This month in IRRI history: April
As you will see in this edition to the history blog, April is indeed one of IRRI’s busiest months, perhaps because it is spring time! Maybe so, but more likely because the full Board of Trustees (BOT) has always met in April since IRRI was founded in 1960.
The BOT meeting has usually been at headquarters (unlike in 2015 when the meeting was held in Hyderabad to celebrate, with the Indian Council of Agricultural Research, 50 years of rice research in India), which always called for an annual sprucing up of the campus and a plethora of side events, activities, and awards, often associated with key Institute anniversaries and milestones. So, sit back, read about all this exciting stuff tied to IRRI’s April cavalcade—and be sure to click some of the links and watch some of the videos!
Harrar Hall is dedicated
On 21 April 1980, as part of IRRI's 20th anniversary celebration, Harrar Hall was dedicated in honor of J. George Harrar, retired president of the Rockefeller Foundation. He is considered IRRI’s cofounder along with Forrest F. Hill (see my March blog about ‘Frosty’). Also an Ohio native like myself, George Harrar graduated from Oberlin College in 1928, just 25 miles east of my family’s farm in Norwalk, Ohio.
While still vice president of the Rockefeller Foundation, Dr. Harrar came up with the idea of an international center in Asia devoted to rice research. He wrote the first outline of such an “international rice research institute,” a plan that was followed closely in the building, staffing, and programming of the actual institution. He was one of IRRI’s incorporators and served as the first chair of the Board of Trustees. His creative leadership during the Institute’s formative years was a major factor in its successful beginning.
During my pioneer interview with Peter Jennings, IRRI’s first breeder, he said that, “The driving force behind IRRI was George Harrar; he was magnificent,
a giant!” It would also be at Dr. Harrar’ssuggestion that Peter would come to IRRI as a breeder in 1961.
Recognizing his historic contribution during the dedication, the plaque placed on the building’s wall reads: “IRRI’s Board of Trustees, named the training and dormitory complex Harrar Hall, for his farsighted leadership and creativity in helping conceptualize, organize, and obtain financial support for the Institute, and for championing the concept that IRRI’s strong research focus should be complemented by an equally strong and effective training program.”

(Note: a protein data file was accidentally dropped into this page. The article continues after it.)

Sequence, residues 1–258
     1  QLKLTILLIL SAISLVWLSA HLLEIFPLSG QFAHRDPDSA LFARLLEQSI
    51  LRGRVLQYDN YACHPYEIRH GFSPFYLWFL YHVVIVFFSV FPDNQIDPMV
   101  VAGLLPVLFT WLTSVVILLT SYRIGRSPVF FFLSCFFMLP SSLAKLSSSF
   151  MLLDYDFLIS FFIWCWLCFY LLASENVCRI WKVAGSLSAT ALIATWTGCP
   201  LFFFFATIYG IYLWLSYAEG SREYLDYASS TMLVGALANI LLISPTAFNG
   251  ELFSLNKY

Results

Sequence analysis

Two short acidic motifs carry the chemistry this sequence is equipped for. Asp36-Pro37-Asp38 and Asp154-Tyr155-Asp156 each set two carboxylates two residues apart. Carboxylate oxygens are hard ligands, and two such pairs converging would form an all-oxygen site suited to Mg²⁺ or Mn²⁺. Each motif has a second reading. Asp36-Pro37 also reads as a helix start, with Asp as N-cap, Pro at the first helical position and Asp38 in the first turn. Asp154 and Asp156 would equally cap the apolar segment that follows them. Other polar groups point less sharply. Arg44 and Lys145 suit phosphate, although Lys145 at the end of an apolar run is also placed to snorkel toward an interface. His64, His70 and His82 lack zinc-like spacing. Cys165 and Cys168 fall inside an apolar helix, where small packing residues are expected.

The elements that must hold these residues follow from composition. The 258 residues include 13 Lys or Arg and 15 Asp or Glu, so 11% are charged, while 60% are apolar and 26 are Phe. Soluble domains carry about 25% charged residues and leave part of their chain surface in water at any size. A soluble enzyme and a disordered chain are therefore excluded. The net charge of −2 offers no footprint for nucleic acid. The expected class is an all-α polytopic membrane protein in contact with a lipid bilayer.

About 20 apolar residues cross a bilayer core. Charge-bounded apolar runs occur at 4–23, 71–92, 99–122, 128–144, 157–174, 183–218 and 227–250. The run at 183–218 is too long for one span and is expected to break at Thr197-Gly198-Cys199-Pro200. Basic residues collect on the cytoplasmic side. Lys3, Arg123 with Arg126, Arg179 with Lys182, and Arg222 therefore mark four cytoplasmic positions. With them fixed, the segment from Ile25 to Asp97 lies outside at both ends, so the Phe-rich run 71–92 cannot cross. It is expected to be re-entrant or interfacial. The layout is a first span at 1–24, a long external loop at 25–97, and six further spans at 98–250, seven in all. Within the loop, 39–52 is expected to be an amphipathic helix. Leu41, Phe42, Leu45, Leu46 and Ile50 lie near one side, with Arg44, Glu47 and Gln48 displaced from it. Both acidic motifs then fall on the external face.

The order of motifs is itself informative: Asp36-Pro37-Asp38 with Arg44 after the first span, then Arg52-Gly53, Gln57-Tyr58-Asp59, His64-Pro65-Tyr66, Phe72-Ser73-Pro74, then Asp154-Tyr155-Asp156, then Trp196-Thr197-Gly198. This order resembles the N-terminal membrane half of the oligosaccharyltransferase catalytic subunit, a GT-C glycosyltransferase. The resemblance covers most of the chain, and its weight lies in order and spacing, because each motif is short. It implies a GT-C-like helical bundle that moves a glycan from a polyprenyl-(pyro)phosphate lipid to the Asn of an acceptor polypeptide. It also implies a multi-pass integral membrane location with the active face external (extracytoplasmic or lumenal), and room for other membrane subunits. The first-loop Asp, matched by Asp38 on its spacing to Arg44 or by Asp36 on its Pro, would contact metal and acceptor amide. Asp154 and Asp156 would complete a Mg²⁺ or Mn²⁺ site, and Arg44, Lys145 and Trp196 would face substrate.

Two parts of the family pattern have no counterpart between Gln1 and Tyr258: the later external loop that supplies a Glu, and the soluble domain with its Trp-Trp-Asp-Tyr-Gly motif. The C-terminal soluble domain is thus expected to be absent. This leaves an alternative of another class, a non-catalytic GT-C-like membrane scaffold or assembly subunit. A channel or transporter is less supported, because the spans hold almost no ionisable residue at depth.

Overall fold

Less than 2 years later on 18 April 1982, Dr. Harrar passed away unexpectedly of a heart attack at his home in Scarsdale, New York.
IRRI trustees meet for the first time
On 13 April 1960, the charter members of the IRRI Board of Trustees got together for the first time, chaired by J. George Harrar to kick off its first 3-day meeting. This date that we officially use as IRRI’s birthday was not always the case. For example, IRRI’s 10th anniversary was celebrated during a set of activities the week of 18 April 1972 (see this date further down in this blog).
I always liked to think that, in those early days, Bob Chandler, IRRI’s first DG, and others on his team, were thinking more of getting things done rather than celebrating anniversaries. And perhaps, sometime after 1970, they realized that the 10th anniversary had already passed and so they celebrated it in 1972—the year that the Institute’s research actually began once the physical plant had been built and the field plots established.
The next day (14 April 1960), IRRI was officially organized when the by-laws were adopted and approved in Manila—and then on the last day (15 April 1960), the BOT Program, a subset of the full IRRI BOT Committee, met for the first time.
The photo of the first Board in session (shown here) includes quite a who’s who (from extreme left and going around the table): J. George Harrar (Rockefeller Foundation; chair), Paul C. Ma (hidden; Taiwan), Paulino J. Garcia (chair of the Philippine National Science Development Board), Vicente G. Sinco (president, University of the Philippines), Hitoshi Kihara (Japan), Robert Chandler, Jr. (IRRI director general), M.C. Chakrabandhu (Thailand), Juan de G. Rodriguez (Philippine secretary of agriculture and natural resources), and Forrest F. Hill (Ford Foundation). Not present that day was K.R. Damle (India).